New Year’s resolutions that make caregiving easier and more meaningful
Barry Jacobs has been caring for his aging mother for the past 6.5 years. For the new year, he wrote an article for the Huffington Post titled 7 New Year’s Resolutions for Hopeful Family Caregivers.
We love the inspiration behind Barry’s resolutions. They’re intended to help make a very tough job a little easier and a lot more meaningful. He reminds us of the things we’re most likely to forget about in the non-stop flurry of meals, medication, bathing, and cleaning.
Our 3 favorite resolutions from Barry’s article
“I will practice self-kindness: I have great expertise at finding fault with my own caregiving. It’s being kind to myself – appreciating that I’m doing the best that I can, however imperfect it often is – that is the bigger challenge. Beating myself up degrades my morale but rarely leads to improvements in my performance. I want to see myself positively for who I am – a son who tries.”
“I will be open to transformation: My mother is gradually becoming more limited in her abilities to think and express herself clearly. She is now mostly wheelchair-bound. These changes mean change for me, too, and not just in taking on more tasks. To really be with her, I have to be more patient and compassionate. When she is afraid, I have to reassure. This is growth that can only make me a better and more caring person.”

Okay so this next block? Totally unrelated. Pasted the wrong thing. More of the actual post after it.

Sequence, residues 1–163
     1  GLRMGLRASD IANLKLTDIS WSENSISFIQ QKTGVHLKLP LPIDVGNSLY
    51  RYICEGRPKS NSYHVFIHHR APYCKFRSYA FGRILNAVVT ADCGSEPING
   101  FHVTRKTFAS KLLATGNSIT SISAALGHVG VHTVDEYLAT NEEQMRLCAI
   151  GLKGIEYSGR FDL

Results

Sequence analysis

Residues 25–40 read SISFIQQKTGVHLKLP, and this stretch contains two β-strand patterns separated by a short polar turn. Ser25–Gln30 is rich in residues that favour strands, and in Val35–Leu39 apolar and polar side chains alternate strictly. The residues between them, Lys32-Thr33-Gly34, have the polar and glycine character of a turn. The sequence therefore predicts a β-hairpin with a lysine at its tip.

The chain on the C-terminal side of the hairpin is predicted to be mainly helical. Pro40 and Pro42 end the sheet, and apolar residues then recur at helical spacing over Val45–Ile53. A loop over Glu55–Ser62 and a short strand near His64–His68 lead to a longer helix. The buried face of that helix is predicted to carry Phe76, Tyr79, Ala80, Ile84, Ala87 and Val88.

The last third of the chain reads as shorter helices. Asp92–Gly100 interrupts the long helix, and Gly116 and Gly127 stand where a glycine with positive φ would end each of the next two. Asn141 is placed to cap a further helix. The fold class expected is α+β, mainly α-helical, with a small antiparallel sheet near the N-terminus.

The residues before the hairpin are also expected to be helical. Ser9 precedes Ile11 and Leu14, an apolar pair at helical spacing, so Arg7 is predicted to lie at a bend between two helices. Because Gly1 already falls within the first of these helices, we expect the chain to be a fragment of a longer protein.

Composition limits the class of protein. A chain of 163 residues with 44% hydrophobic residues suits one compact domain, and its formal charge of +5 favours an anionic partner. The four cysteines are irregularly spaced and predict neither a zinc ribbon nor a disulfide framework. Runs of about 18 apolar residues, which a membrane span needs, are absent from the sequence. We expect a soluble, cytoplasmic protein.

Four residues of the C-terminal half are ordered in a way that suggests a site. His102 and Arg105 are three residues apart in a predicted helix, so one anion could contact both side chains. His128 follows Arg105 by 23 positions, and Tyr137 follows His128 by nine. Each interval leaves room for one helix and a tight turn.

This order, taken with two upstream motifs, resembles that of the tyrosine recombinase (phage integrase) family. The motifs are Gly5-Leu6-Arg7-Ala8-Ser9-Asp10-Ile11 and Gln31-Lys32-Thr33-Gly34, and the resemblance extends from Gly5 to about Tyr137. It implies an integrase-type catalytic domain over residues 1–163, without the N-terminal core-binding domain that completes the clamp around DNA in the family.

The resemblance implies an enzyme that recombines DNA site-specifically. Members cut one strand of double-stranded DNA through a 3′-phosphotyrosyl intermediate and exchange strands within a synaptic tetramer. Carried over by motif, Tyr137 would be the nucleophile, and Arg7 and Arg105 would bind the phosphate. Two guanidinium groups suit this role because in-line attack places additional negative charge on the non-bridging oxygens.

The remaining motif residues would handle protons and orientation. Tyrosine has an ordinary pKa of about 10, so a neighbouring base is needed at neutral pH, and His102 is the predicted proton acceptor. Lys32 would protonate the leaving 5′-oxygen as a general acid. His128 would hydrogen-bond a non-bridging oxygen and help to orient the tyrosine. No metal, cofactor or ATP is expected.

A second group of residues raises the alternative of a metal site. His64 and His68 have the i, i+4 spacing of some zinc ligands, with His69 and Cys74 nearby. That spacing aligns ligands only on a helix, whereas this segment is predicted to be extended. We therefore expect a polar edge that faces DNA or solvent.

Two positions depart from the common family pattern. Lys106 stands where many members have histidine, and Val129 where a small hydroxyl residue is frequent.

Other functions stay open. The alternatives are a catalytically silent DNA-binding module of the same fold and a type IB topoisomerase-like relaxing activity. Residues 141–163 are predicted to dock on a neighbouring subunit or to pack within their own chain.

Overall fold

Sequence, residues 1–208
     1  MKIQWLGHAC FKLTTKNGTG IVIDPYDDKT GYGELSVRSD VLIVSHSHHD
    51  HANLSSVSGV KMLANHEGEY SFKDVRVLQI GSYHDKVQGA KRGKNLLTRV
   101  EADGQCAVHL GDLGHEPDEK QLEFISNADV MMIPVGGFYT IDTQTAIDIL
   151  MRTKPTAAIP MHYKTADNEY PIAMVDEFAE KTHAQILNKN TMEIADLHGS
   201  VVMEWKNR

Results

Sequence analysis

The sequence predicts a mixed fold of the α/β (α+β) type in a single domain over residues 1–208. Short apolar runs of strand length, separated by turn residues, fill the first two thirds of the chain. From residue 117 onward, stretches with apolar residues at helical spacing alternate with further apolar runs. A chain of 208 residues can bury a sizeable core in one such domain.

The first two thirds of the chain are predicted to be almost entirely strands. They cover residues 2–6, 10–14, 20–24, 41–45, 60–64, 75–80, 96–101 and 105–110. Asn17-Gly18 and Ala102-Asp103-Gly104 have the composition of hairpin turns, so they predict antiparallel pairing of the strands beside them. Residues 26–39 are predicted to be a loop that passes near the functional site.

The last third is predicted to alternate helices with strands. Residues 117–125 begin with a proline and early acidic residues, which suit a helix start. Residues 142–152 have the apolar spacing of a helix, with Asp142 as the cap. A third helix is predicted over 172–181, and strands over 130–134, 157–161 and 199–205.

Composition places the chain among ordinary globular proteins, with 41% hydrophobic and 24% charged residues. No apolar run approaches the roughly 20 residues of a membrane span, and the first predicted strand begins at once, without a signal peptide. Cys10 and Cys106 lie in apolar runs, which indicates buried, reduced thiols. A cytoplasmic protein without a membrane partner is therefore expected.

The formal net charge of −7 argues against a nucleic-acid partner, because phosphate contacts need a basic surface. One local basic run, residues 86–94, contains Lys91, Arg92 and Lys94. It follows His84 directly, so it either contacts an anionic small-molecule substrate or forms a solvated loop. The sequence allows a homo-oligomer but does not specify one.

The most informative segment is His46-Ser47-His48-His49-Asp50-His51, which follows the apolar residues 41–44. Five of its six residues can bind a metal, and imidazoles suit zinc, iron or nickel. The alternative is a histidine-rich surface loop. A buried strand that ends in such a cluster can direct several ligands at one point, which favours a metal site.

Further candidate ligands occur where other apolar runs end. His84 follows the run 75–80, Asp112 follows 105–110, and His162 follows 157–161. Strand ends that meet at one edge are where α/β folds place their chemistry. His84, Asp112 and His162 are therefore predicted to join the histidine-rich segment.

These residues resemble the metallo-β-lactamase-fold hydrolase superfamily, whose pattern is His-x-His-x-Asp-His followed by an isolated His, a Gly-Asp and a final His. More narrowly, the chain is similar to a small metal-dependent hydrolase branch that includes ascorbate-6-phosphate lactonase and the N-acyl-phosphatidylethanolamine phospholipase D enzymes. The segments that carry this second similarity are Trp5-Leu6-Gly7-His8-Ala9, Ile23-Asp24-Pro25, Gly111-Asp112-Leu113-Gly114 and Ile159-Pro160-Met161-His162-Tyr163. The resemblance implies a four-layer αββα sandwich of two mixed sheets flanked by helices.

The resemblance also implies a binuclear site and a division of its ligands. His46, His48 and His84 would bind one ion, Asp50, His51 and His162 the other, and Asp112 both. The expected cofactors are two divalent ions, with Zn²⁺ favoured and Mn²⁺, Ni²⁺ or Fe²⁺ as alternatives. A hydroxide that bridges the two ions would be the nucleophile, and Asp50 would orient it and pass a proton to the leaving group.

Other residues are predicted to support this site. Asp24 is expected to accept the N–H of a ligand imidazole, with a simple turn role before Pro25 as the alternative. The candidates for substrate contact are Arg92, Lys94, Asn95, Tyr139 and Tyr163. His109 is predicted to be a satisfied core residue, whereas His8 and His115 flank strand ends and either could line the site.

“I will make my requests for help more specific and concrete: Another truism is that “Not all help is helpful.” Lots of well-meaning people tell caregivers, “Let me know if I can ever be of help.” But those undefined offers of assistance generally amount to nothing. People are much more likely to give help if the ask is as tangible – and do-able – as possible. In 2017, I plan to reach out to others with very specific requests for discrete tasks within given time-frames.”
By DailyCaring Editorial Team
Image: Latest Canada
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